Children study the land and air in their own communities and see how they can make positive changes from something as simple as planting a garden in an abandoned lot."In July 1978, he was a featured performer at the Benefit Concert for The Longest Walk, an American Indian spiritual walk from Alcatraz to Washington, DC affirming treaty rights, as a result of legislation, introduced to abrogate Indian treaties. During the 1980s and 1990s, Havens continued a world touring schedule and released albums; the release of 1993's Resume, The Best of Richie Havens, on Rhino Records, collected his late 1960s and early 1970s recordings. In 1982, he composed and performed a promotional slogan for NBC's 1982–83 television season, entitled We're NBC, Just Watch Us Now, he performed slogans for CBS and ABC, recorded commercials for Amtrak and in 1985, for Coca-Cola. Havens did corporate commercial work for Maxwell House Coffee, as well as sang "The Fabric of Our Lives" theme for the cotton industry. In 1982, he appeared at the UK's Glastonbury Festival, closing the show on the Sunda
Rhino Entertainment Company is an American specialty record label and production company founded in 1978. It is the catalog division for Warner Music Group, its current CEO is Mark Pinkus. Founded in 1978, Rhino was a novelty and reissue label during the 1970s and 1980s, it released compilation albums of pop, rock & roll, rhythm & blues successes from the 1950s through the 1980s, as well as novelty-song LPs and retrospectives of famous comedy performers, including Richard Pryor, Stan Freberg, Tom Lehrer, Spike Jones. Rhino started as a record shop on Westwood Boulevard, Los Angeles, in 1973, run by Richard Foos, became a record distributor five years thanks to the effort of then-store manager Harold Bronson, their early releases were novelty records. The difficulties involved in getting airplay and distribution for such material caused Foos and Bronson to take the label in other directions. One of Rhino's early artists was The Twisters, whose Los Angeles popularity far exceeded their album sales.
Rhino's mail-order catalogs and early LP labels featured the company's mascot character, a cartoon Elvis Presley rhinoceros wearing a black leather jacket named "Rocky", designed by bootleg cover artist William Stout, cartoonist Scott Shaw!. Some of the label's earliest successes with reissues were achieved by acquiring the rights to the White Whale Records catalog that included the Turtles. By the mid-1980s, most of Rhino's releases were reissues of released recordings licensed from other companies. For superior sound quality, audio mastering of the original tapes was done under the direction of Bill Inglot, the label's creative packaging made Rhino one of the most respected reissue record labels, receiving rave reviews from music collectors and historians. Rhino was quick to get into the compact disc market, releasing dozens of oldies CDs at the dawn of the CD age in 1984, their retrospective compact disc releases, such as those in the Billboard Top Hits series, are remastered to restore or improve upon the releases' original analog audio quality.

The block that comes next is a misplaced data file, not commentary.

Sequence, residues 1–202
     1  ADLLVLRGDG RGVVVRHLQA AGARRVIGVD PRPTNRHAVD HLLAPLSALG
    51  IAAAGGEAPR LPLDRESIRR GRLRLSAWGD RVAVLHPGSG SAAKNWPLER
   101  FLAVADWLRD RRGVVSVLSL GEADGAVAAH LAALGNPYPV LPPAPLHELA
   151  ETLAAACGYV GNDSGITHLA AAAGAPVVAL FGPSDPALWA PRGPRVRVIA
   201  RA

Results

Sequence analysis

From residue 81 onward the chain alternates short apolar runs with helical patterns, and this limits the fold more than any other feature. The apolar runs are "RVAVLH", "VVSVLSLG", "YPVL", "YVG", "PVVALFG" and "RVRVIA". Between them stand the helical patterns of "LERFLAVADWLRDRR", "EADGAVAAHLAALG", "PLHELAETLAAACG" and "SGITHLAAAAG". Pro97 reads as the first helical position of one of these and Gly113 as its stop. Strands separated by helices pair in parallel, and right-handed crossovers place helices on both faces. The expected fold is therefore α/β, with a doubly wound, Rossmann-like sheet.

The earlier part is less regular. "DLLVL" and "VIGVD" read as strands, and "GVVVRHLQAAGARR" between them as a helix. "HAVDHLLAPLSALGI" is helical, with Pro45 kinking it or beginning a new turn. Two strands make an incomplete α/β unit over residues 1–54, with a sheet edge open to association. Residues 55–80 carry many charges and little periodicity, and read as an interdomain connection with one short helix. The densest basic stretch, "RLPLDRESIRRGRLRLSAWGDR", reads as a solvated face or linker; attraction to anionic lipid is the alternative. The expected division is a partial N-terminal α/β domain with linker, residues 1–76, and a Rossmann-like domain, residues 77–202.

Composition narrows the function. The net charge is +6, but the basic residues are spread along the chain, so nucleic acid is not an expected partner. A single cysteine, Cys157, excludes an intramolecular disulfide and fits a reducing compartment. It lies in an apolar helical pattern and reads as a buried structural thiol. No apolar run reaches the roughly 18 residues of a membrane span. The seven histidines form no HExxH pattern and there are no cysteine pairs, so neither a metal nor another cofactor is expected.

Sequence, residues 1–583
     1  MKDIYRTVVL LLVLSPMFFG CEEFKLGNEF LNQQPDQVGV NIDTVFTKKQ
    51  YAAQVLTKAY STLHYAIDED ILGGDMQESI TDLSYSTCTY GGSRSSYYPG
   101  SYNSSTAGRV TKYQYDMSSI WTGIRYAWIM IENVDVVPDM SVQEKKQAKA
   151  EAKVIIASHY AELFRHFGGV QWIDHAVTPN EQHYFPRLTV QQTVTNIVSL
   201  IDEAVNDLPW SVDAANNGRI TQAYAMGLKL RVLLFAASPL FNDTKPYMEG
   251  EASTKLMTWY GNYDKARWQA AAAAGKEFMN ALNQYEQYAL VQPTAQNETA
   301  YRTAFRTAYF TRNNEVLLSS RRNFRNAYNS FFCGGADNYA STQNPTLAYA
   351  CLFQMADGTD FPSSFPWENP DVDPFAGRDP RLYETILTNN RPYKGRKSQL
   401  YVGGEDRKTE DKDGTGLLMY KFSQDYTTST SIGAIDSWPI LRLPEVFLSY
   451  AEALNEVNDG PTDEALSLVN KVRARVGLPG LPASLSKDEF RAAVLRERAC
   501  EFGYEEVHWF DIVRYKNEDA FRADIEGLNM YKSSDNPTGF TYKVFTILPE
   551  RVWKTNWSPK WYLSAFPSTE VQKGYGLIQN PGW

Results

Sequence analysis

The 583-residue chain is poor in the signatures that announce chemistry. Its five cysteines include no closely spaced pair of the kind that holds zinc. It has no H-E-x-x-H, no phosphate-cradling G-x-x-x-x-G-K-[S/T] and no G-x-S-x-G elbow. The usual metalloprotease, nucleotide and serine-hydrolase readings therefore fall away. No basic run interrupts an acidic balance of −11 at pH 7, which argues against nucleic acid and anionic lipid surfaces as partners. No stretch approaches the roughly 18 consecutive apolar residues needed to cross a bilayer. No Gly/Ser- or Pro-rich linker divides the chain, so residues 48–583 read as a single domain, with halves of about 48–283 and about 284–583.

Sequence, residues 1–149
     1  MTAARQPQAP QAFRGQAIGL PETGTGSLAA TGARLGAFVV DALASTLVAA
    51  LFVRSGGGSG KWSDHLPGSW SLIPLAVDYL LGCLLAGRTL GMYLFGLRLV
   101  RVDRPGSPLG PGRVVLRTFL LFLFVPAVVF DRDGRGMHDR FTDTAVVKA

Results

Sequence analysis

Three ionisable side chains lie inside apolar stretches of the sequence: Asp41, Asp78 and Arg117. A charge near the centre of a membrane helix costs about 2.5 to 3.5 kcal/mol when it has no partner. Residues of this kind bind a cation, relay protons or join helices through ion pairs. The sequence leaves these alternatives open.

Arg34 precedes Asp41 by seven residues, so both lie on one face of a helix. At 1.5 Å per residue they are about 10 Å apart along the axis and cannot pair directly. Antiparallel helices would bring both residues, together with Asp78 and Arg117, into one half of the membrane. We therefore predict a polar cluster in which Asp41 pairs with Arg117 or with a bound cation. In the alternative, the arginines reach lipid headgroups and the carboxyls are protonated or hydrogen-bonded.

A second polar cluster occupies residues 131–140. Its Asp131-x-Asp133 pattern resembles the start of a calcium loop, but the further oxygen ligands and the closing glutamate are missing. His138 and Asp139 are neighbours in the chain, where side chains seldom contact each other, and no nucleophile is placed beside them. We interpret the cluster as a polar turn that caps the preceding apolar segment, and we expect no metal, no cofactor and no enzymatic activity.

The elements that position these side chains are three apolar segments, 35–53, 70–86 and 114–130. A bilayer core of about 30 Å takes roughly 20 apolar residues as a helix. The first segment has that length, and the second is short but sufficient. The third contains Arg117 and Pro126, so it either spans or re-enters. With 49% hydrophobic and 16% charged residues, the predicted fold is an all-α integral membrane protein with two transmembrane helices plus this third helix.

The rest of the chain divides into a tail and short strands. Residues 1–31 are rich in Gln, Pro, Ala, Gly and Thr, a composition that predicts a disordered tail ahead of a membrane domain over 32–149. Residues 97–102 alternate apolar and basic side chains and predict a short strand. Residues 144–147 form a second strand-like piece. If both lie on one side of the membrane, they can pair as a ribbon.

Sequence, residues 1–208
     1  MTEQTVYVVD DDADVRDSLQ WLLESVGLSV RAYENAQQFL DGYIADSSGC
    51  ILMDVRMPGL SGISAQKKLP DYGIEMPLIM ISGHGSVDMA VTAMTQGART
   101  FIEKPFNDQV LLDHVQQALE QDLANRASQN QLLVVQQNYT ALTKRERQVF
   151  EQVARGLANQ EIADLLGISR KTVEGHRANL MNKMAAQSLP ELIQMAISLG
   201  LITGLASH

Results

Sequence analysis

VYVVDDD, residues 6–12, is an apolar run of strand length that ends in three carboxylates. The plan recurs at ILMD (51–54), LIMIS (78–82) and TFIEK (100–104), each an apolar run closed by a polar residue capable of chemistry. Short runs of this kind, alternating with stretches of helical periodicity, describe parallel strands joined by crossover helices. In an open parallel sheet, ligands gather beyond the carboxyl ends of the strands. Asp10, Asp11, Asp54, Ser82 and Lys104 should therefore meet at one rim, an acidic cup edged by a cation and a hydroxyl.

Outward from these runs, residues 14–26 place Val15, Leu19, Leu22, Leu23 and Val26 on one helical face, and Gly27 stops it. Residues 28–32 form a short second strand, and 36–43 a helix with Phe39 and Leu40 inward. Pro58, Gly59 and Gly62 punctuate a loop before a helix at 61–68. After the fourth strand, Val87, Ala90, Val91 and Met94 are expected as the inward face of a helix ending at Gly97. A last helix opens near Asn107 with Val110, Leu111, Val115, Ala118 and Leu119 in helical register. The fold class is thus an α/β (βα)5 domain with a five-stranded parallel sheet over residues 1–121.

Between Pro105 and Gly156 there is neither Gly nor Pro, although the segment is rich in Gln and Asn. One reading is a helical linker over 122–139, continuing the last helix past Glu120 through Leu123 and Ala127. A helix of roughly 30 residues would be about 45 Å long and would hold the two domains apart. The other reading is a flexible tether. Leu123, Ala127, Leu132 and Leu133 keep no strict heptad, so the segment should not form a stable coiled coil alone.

In the late 1980s, Rhino transitioned into a complete entertainment company specializing in home video reissues of television programs such as The Monkees, The Lone Ranger, The Transformers, Mystery Science Theater 3000, Ed Sullivan's Rock'n' Roll Classics collection, as well as compact disc releases of select artists and movie soundtracks. Through the 1980s and 1990s, the company continued to sign artists and release new music, on the main Rhino label and on subsidiary labels such as RNA and Forward. However, the company's artists tended to generate more critical acclaim than public interest. One exception was the success of "At This Moment" by Billy Vera & the Beaters, a 1981 song that went to the top of the U. S. Billboard charts in late 1986 after being featured in an episode of the hit NBC TV series Family Ties. In 1985, Rhino signed a six-year distribution agreement with Capitol Records. During 1989 Rhino and Capitol’s parent EMI made a deal to jointly acquire Roulette Records; when the distribution deal with Capitol ended in 1992, Rhino signed a new distribution deal with Atlantic Records, in turn Time Warner bought a 50 per cent stake in the record company.
In 1998, Time Warner bought the other half of Rhino. The Rhino Records retail store, part of the 50% sale in 1992 but which reverted to Foos after Time Warner bought out the remainder, closed in 2005, it is through this merger that the label has reissued material from such artists as the Monkees, Eric Burdon, Dannii Minogue, the Ramones, the Grateful Dead, Lake & Palmer, the Beach Boys, the Doobie Brothers, the Cars, Tom Paxton, Third Eye Blind, the Doors, Spirit of the West and most the Bee Gees. Rhino's soundtrack releases include Gone with the Wind, The Wizard of Oz, Easter Parade, North by Northwest, King Kong, Doctor Zhivago and Finian's Rainbow; the Turner Entertainment and Warner Bros. film soundtrack libraries are managed by Warner Bros.' in-house label subsidiary, WaterTower Music. In 1999, Rhino started the'Rhino Handmade' division of limited-edition releases available from their website. All Handmade deluxe editions were limited to about 3,000 copies or less, once sold out were not re-pressed.
In 2003, co-founders and longtime executives Richard Foos and Harold Bronson left Rhino due to frustration with the challenges of an competitive market. In fact, Time Warner's final vesting of its 100 percent ownership of the label, its subsequent'reorganization' of label staff, which did not stop at the former owners, were the major factors in their exits. Soon after, Foos inaugurated a new label, Shout! Factory, which began releasing dozens of CDs and videos mirroring the original early-1990s Rhino philosophy. In 2004, Time Warner spun off its music divisions and today Rhino is part of the newly organized Warner Music Gr